• UK nationals entering an EU member state for work will need to apply for work authorisation, like other third-country nationals. They may qualify for short-term work permit exemptions where available.
  • UK nationals already resident in an EU member state by Brexit day, 31 January 2020, will probably be able to remain in that country and continue to work if they register.This arrangement will depend on local arrangements made by individual member states and may also require a reciprocal offer by the UK.

Social security

Currently individuals who are working across the European Union are covered by the EU Social Security Coordination Regulations. These EU Regulations operate to ensure that such an individual is subject to the social security legislation of a single member state at any particular time – so there can be no double contributions on the same income. The basic rule is that contributions are paid where work is performed, however, there are exceptions for individuals working outside their home country for temporary periods.

In the event of the UK agreeing a deal with the remaining EU member states it is anticipated that a transition period will come into force. A series of rules in relation to social security coordination have already been agreed for this scenario and these rules will be applicable until 31 December 2020. We would expect the UK Government to undertake discussions with the EU during this transition period to agree further rules which will be applicable after the end of this transition period.

In the event of the UK leaving without a deal, the current EU Regulations will no longer apply, and neither will transitional rules. Consequently, the UK has proposed contingency legislation which would mean that we would continue to apply the EU Regulations on Social Security on a unilateral basis. At this point there is no guarantee that the remaining EU member states would approve or reciprocate so going forward, this could mean that dual Social Security liabilities could arise.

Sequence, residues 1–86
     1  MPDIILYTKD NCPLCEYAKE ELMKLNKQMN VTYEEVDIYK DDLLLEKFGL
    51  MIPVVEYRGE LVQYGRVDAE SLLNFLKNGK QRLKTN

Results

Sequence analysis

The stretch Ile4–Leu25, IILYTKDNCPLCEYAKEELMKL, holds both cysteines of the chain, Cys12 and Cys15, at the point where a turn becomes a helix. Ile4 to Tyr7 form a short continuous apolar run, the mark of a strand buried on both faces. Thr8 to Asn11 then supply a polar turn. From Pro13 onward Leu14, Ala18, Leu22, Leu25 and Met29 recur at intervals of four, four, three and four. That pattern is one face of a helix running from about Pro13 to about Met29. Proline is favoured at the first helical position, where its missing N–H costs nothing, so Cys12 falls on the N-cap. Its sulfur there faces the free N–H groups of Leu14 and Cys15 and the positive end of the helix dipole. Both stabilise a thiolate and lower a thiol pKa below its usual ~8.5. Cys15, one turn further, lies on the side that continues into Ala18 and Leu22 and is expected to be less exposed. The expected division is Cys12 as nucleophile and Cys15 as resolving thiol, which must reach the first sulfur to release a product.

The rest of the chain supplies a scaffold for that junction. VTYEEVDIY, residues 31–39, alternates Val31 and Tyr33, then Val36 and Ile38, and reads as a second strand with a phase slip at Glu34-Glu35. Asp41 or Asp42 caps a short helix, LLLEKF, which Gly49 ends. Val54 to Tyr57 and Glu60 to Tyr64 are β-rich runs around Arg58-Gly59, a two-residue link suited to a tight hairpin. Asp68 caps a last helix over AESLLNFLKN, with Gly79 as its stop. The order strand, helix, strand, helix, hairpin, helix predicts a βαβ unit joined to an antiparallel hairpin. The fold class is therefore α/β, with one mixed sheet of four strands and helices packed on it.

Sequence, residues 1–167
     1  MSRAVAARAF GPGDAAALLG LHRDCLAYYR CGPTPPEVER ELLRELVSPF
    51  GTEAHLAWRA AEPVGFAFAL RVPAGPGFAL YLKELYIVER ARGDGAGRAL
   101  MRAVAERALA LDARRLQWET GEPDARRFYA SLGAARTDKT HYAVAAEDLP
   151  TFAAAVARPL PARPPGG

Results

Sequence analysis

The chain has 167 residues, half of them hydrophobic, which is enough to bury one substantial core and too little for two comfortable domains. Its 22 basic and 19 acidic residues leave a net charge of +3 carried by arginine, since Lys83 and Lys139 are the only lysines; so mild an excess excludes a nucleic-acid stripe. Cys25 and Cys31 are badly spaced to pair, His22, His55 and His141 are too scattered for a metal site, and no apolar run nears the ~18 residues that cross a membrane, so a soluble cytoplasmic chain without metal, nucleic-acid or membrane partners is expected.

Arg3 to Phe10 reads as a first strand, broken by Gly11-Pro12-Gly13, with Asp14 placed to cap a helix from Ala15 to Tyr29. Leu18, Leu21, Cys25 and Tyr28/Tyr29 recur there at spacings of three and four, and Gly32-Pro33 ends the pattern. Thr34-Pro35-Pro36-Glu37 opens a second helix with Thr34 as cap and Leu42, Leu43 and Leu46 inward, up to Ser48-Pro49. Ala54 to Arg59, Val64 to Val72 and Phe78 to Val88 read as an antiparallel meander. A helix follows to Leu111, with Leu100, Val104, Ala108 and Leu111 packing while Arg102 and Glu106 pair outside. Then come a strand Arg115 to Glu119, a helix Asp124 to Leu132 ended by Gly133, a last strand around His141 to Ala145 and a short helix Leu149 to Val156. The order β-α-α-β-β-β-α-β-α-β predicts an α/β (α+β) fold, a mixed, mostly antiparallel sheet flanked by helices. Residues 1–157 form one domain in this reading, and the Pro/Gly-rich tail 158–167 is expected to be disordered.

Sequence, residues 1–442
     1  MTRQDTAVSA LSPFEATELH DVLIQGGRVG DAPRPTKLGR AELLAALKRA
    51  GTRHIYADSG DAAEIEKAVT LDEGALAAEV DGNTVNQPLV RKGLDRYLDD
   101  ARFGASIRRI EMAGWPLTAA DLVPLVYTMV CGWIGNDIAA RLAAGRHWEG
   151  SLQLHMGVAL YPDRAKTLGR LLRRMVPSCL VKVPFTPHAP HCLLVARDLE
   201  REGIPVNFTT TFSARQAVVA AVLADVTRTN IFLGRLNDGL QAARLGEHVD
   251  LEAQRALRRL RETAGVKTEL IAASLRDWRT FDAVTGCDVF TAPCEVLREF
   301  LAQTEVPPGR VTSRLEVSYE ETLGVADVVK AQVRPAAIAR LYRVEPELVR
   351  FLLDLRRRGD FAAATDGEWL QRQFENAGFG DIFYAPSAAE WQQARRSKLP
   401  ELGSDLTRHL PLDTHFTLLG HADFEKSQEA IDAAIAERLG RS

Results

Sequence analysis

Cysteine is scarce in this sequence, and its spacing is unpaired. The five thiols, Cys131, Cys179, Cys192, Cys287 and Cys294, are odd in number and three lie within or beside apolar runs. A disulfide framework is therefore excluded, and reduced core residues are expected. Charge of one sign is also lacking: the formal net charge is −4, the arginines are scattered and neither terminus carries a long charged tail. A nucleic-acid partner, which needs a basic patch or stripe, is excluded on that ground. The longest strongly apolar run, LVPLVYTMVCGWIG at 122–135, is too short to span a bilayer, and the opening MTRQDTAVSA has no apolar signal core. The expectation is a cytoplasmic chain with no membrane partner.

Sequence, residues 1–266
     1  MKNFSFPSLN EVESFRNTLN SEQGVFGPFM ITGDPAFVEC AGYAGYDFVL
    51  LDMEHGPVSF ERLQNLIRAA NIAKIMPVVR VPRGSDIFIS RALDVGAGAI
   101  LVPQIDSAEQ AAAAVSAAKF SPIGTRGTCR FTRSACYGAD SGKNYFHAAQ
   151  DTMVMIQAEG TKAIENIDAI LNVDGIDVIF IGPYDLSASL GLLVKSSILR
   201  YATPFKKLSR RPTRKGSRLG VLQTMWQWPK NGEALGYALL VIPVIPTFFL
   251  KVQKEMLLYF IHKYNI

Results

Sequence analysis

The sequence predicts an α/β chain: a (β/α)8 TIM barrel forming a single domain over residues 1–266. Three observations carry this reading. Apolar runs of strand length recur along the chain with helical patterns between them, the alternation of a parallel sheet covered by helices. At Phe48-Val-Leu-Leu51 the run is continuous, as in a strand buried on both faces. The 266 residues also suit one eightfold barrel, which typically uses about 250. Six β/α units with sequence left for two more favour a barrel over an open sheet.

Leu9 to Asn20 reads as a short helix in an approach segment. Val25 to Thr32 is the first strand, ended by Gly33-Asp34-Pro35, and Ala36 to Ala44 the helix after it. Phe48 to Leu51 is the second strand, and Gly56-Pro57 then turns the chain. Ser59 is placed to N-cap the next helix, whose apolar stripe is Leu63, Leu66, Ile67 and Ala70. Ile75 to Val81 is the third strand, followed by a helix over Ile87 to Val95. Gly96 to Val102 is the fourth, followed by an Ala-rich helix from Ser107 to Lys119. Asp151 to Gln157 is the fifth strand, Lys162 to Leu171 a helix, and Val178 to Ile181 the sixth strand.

That said, the UK does have historical Social Security Reciprocal Agreements with 20 of the remaining EU and EEA States. It should be remembered that these agreements do not reflect modern day working practices so do not totally replicate the EU Regulations. These agreements might be reinstated although there is no indication at this stage as to whether the member states affected will implement. As such, this will be subject to discussion and agreement between the UK and the relevant EU Member State.

It is hoped that the UK will be able to negotiate more up-to-date agreements with the remaining EU countries after Brexit, as the existing ‘totalisation’ agreements offer limited benefit to secondees and their employers in the majority of circumstances. Agreement with Ireland and Switzerland have already been agreed.


It is understood that if there is a loss of passporting rights post Brexit then there will be an impact on the provision of pensions going forward. 

The primary concern will be that, without passporting rights, UK based firms will not be able to make payments into pensioners’ bank accounts in other European member states. The second issue will be that UK nationals in the EU may not be able to access their UK bank accounts – at least not without transactions costing more and taking longer. To provide support in this respect, the UK Government has already announced that there will be a temporary permissions regime for EU-based financial services providers so that they can continue to pay pensions to UK residents.

As a result, employers should ensure that members of their pension schemes fully understand the potential implications of Brexit, especially if pension scheme members are EU nationals or are already living in another EU member state.

For more information about the potential impact of Brexit on your business planning and employee mobility, please don't hesitate to get in touch with a member of our Employer Services team to discuss further.